Gorey, Feiffer, and Stamaty Drawings in William Cole’s Poetry-Drawing Book!

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The Poetry-Drawing Book (New York: Simon and Schuster, 1960) was supposed to provide children with a substitute for coloring books, which co-editors William Cole and Julia Colmore believed were “insulting to their imagination and intelligence” with “the banal and badly drawn” pictures.  Their volume was designed with a blank page facing each poem, space for a boy or girl to draw whatever ideas the reading of the poem prompted.  To facilitate self-expression with pencil, crayons, or watercolors, the book was spiral-bound so that it would lay flat on a table (or the floor).  Cole and Colmore argued that this concept would encourage “a child’s innate sense of color and design, and to give free rein to his imagination.  At the same time our book functions as an introduction to the magical world of poetry.”

Bill Cole was not an educator, but a journalist, publicity director, publisher, board member of the  Poetry Society of America and Poets and Writers, and connoisseur of light verse and knock-knock jokes.  The Poetry-Drawing Book was just one of many anthologies he produced for children over his long career.

cole_ungererCotsen’s collection of manuscripts includes a very special copy of The Poetry-Drawing Book, whose purchase was underwritten several years ago by the Friends of the Princeton University Library.  It belonged to Cole  and his penciled initials are in the upper-left-hand corner just above the plates the clown is juggling.  Cole and Colmore claimed that the book had been “tried out on hundreds of children” and perhaps a few of the “enriching, enlightening, and often hilarious” results were selected to go on the cover.ctsn_ms_unproc_item_4347646_coverCole’s son Rossa grew up to be a professional photographer, but the Cotsen copy of The Poetry-Activity Book does not happen to be filled with the little boy’s drawings.   Cole intended it to be a showcase for somewhat older aspiring artists.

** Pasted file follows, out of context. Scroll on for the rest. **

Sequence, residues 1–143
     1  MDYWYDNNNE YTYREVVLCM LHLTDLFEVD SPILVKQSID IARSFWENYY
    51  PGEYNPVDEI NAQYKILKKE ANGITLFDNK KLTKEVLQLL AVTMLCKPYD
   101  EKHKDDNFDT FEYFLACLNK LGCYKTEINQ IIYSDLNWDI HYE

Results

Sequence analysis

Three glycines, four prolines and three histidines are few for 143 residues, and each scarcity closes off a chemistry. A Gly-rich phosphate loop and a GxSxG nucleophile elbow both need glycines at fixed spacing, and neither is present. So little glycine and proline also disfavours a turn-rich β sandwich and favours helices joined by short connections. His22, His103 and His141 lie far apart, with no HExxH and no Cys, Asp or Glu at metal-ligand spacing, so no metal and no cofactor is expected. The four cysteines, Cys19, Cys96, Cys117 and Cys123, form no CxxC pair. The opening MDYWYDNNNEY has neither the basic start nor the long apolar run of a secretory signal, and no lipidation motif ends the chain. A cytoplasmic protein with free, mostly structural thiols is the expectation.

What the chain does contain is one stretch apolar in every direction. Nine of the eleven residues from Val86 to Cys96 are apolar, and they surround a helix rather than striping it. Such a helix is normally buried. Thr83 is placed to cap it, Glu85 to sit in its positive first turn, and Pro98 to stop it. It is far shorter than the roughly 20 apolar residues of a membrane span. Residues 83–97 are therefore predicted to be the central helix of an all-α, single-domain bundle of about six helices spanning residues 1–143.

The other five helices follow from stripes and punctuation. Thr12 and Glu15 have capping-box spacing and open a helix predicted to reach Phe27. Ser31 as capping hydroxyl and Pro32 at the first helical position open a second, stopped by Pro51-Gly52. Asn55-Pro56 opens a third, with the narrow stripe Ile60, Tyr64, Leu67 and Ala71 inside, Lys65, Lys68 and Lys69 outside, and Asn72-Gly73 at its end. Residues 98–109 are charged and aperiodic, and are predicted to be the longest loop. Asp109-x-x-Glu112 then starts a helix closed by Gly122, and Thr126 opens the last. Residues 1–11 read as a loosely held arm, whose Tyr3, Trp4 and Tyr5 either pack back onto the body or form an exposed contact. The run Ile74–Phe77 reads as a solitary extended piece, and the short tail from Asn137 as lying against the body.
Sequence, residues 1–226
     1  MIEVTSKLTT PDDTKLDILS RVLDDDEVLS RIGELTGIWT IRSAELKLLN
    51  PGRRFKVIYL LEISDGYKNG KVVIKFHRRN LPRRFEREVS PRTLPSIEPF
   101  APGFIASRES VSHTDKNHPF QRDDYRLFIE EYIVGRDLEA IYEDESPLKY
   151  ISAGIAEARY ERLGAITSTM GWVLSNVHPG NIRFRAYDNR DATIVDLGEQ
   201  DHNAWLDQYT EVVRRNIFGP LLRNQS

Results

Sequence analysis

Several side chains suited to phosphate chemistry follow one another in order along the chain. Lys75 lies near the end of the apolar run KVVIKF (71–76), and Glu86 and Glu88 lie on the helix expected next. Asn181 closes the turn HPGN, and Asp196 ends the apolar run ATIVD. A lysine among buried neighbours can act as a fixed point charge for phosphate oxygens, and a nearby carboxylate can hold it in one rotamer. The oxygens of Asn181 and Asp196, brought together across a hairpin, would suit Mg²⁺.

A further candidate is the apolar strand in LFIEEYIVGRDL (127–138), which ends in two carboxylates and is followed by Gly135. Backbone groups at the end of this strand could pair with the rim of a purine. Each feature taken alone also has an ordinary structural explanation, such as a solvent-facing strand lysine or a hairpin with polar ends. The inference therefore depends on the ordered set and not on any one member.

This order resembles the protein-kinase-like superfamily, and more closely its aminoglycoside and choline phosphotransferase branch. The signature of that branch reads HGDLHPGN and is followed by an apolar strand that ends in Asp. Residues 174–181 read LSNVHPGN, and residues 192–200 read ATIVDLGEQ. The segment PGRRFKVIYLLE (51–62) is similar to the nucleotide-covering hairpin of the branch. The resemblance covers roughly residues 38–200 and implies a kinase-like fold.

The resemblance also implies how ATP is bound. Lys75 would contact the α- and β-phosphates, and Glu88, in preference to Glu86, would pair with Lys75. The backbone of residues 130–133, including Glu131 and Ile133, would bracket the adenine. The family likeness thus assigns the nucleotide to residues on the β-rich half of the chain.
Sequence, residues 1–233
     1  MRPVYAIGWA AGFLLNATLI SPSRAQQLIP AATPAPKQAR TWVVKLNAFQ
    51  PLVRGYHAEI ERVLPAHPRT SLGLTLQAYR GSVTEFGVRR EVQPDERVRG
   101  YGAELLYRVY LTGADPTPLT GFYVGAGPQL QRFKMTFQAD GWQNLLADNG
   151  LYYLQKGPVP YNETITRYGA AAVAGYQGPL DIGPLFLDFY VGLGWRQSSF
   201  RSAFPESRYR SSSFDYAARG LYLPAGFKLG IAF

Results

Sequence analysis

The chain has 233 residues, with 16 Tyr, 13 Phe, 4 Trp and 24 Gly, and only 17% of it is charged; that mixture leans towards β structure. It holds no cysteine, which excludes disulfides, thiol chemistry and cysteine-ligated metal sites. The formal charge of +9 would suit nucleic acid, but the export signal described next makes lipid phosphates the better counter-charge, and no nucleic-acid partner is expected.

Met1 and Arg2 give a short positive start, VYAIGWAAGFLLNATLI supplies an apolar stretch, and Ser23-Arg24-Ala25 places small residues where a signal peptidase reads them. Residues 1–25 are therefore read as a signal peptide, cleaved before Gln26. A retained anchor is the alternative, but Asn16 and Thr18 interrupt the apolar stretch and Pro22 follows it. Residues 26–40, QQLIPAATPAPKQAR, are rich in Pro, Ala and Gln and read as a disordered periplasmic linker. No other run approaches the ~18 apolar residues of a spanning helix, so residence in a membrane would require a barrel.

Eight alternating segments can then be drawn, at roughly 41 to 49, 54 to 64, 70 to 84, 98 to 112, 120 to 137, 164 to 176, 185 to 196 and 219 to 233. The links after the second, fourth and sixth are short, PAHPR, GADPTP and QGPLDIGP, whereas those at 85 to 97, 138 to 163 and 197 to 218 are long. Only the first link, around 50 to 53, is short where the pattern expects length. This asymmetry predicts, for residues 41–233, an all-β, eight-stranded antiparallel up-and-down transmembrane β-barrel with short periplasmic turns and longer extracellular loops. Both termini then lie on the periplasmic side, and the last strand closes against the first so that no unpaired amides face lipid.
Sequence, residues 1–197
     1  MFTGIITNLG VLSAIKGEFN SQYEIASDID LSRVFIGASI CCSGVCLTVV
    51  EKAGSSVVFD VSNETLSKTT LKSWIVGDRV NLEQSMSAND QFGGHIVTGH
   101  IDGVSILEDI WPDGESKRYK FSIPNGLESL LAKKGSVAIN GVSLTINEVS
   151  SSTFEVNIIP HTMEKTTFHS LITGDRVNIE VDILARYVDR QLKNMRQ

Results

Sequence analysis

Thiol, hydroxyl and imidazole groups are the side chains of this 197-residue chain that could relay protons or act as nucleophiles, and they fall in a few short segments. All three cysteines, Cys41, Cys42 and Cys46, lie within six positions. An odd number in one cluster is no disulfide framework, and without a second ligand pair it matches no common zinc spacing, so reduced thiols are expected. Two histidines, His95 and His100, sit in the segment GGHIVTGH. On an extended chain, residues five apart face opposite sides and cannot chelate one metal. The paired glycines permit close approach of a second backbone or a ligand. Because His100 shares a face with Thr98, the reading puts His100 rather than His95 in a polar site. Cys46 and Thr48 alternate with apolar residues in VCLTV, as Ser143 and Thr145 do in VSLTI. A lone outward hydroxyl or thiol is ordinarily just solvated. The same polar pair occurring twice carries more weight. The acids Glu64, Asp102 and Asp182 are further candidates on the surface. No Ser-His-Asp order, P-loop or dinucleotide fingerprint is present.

There is a drawing by the thirty-one-year old Jules Feiffer, political satirist and illustrator of Norton Juster’s The Phantom Tollbooth.

To deliver a message of good cheer satirist Jules Feiffer, photographed in New York City, March 3, 1976, has chosen theater rather than cartoons. The result is "Knock Knock," his hit Broadway farce. (AP Photo/Jerry Mosey)

Jules Feiffer in 1976 (AP Photo/Jerry Mosey).

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Feiffer was born in 1929. If he was thirty-one when he painted this rather ominous feline, then he must have done it in 1960.

And another by twenty-eight-year old cartoonist Mark Alan Stamaty, author/illustrator of Who Needs Doughnuts (1973) and Alia’s Mission: Saving the Books of Iraq (2004).

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If Stamaty was born in 1947 and he drew the rootin’ tootin’ shootin’ television when he was twenty-eight, then his page was completed in 1975.

Another surprise is this elaborate color drawing by a master of the macabre in black and white, Edward Gorey, then thirty six.edward-gorey-3

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This enchanting vision of the snake in the garden would have been executed in 1961 by the thirty-six-year-old Gorey, who was born in 1929.

And that’s what happens when you give an artist a blank page…

There is an array of  the famous Pere Castor activity books on the Cotsen virtual exhibitions page.